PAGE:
Today, two types of impression copings are used: Transfer impression copings that use an “open-tray” technique, and pick-up impression copings that use a “closed-tray” technique. Both types are conveniently adapted to be screw-retained to the implant. The choice of which technique to use (open tray vs. closed tray) is primarily based on individual patient characteristics and preferences of the clinician.
In the closed-tray technique, a threaded screw or bolt is used to temporarily secure the impression coping to the implant fixture. Once the coping is secure, a U-shaped impression tray filled with impression material is placed in the patient's mouth over the implant site. The patient bites down on the tray and squeezes the impression material into the implantation site and area around the impression coping. Within a few minutes, the impression material cures or hardens to a flexible, resilient consistency. The impression tray is then removed from the patient's mouth to reveal an impression of the implant site and coping. The screw connecting the implant is unthreaded, and the impression coping is removed. The coping is then removed from the mouth of the patient and is transferred back into the impression material.
One advantage of the closed-tray technique is that it is simple to perform. The technique, however, is sometimes prone to inaccuracies where sufficient care is not taken during the step of reinserting the coping into the impression material.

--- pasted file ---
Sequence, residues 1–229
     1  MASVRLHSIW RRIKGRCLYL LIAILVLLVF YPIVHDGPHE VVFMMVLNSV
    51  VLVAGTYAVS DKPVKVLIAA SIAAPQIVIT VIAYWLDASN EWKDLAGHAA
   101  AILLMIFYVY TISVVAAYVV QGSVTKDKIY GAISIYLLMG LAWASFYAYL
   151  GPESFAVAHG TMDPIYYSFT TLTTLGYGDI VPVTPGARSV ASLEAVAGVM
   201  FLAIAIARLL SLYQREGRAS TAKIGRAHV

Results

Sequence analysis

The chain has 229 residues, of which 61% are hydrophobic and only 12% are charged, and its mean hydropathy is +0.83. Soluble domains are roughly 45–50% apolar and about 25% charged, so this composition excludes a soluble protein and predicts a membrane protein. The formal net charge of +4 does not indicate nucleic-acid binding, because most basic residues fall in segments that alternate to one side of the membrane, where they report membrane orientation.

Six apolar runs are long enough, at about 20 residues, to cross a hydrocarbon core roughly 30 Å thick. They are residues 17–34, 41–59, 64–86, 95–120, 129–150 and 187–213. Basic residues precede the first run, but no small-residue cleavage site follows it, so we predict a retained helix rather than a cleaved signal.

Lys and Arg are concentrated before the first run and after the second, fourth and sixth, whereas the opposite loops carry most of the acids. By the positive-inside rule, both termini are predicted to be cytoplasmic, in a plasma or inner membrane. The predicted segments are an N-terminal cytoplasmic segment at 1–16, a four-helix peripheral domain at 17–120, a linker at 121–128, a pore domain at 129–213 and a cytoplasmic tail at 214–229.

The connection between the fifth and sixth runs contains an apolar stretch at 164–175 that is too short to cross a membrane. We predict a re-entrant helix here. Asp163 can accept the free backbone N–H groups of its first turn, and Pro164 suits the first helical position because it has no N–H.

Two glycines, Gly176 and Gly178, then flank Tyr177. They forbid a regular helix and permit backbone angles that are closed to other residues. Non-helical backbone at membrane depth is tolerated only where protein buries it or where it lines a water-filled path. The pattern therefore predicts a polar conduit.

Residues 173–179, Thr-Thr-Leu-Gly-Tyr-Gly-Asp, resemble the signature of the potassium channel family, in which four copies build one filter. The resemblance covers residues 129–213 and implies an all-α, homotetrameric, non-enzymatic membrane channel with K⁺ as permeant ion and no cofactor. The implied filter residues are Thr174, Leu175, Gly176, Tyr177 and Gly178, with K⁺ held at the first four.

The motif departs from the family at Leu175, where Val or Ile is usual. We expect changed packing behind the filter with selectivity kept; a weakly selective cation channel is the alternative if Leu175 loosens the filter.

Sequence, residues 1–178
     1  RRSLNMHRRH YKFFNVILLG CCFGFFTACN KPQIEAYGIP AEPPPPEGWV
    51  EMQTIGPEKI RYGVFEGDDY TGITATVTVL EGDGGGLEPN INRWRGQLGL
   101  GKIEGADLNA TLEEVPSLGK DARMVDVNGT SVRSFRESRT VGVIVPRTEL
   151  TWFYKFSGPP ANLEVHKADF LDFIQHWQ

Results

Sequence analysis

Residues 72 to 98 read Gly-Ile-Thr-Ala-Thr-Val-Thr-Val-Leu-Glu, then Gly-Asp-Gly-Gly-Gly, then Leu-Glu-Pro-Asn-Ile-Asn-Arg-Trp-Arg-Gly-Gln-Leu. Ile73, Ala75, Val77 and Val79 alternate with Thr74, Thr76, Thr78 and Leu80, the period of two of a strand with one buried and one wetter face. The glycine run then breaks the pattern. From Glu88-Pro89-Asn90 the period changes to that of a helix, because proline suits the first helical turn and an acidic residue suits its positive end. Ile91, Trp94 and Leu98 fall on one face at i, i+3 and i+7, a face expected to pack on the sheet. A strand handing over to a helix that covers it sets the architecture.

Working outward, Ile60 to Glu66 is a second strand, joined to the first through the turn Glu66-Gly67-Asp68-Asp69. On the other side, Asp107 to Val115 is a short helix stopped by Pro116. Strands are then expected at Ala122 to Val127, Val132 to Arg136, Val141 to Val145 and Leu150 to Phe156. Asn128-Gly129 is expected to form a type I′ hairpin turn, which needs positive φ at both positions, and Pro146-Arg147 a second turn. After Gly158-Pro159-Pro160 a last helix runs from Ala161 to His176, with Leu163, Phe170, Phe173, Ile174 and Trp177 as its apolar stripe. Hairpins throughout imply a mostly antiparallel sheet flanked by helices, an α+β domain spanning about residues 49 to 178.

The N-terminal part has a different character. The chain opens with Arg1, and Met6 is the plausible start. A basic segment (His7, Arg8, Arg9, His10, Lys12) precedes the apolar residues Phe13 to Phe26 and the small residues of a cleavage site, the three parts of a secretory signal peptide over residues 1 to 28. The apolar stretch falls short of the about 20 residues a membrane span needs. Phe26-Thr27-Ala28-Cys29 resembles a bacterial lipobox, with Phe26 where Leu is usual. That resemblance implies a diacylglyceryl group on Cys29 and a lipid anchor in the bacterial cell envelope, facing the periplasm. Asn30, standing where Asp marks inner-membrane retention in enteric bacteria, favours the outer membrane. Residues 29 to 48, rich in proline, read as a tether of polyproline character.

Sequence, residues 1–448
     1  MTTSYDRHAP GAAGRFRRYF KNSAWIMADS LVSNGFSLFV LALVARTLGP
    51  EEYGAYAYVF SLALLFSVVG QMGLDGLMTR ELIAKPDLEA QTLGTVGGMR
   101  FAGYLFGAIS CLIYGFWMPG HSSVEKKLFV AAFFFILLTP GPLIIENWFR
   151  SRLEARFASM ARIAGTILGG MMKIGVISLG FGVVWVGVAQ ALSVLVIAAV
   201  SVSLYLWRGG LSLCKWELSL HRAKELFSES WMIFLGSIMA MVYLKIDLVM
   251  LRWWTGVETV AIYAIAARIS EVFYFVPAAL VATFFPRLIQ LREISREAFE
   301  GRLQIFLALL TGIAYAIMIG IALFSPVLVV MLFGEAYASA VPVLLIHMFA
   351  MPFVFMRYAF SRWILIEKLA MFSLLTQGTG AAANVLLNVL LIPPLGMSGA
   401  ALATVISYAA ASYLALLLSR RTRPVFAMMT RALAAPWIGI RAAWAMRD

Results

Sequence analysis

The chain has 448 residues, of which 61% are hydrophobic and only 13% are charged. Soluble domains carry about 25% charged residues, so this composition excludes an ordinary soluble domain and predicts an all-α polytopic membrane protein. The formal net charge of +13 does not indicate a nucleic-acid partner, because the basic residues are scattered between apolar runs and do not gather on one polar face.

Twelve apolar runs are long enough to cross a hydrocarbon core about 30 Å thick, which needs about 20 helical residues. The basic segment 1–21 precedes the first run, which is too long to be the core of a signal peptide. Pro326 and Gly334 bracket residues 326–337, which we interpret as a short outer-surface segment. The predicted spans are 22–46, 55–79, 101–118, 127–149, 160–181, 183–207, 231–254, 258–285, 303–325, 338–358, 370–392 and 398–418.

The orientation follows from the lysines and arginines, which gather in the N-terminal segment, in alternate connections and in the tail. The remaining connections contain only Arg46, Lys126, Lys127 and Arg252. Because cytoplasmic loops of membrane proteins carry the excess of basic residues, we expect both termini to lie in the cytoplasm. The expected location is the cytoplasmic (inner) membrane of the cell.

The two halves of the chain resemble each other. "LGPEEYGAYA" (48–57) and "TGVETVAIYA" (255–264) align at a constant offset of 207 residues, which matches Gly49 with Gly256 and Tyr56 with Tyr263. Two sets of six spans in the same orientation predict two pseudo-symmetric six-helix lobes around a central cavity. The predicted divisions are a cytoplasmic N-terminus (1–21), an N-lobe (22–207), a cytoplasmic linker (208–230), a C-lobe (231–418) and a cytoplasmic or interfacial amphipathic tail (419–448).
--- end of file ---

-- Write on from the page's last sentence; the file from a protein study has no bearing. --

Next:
The open-tray technique is similar to the closed-tray technique except that a pick-up coping, instead of the transfer coping, is used. The pick-up coping typically includes a portion adapted to be embedded in the impression material. This portion includes a protuberant “lip” or similar projection at the coronal aspect so the coping can be retained in the impression material. In this case, once the impression is taken and the tray is removed, the coping remains in the impression material or is “picked up” and pulled away from the mouth of the patient. To facilitate this procedure, the tray is provided with one or more apertures or openings through which a tool may be inserted to loosen the screw or bolt securing each coping. Thus, this impression technique is commonly referred to as the “open-tray” technique.
The open-tray technique is particularly well suited for multi-site dental restoration procedures, especially when a large divergence angle exists between multiple adjacent implants. The open-tray technique is generally preferred for accuracy, but it is more complex since holes or apertures may need to be cut in the tray. As a result, this technique often takes more time to prepare and execute.
It would be advantageous to have an impression coping that has advantages over prior impression copings and techniques.
The present invention is directed toward an impression coping for taking an accurate impression of a dental implant installed in the jawbone of a patient. The impression coping has a body that extends from a proximal portion to a distal portion. The distal portion is configured and adapted to be secured to the implant, and the proximal portion includes an attachment portion adapted to be embedded in an impression material. Preferably, two attachment members form part of the attachment portion and comprise separate, spaced polygons that project outwardly from the body.